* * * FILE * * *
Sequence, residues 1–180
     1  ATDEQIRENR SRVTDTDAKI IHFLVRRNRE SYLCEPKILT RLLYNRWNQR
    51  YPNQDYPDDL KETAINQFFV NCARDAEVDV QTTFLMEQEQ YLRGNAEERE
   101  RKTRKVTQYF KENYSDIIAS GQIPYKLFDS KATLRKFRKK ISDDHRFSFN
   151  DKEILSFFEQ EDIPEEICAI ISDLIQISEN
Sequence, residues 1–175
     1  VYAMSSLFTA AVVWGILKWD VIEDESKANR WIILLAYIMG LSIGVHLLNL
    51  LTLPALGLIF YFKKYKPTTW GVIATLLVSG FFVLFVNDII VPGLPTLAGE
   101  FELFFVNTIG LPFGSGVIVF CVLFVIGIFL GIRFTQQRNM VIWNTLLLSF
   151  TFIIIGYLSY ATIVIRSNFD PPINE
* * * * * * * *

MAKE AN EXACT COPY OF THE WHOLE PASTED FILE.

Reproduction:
Sequence, residues 1–180
     1  ATDEQIRENR SRVTDTDAKI IHFLVRRNRE SYLCEPKILT RLLYNRWNQR
    51  YPNQDYPDDL KETAINQFFV NCARDAEVDV QTTFLMEQEQ YLRGNAEERE
   101  RKTRKVTQYF KENYSDIIAS GQIPYKLFDS KATLRKFRKK ISDDHRFSFN
   151  DKEILSFFEQ EDIPEEICAI ISDLIQISEN
Sequence, residues 1–175
     1  VYAMSSLFTA AVVWGILKWD VIEDESKANR WIILLAYIMG LSIGVHLLNL
    51  LTLPALGLIF YFKKYKPTTW GVIATLLVSG FFVLFVNDII VPGLPTLAGE
   101  FELFFVNTIG LPFGSGVIVF CVLFVIGIFL GIRFTQQRNM VIWNTLLLSF
   151  TFIIIGYLSY ATIVIRSNFD PPINE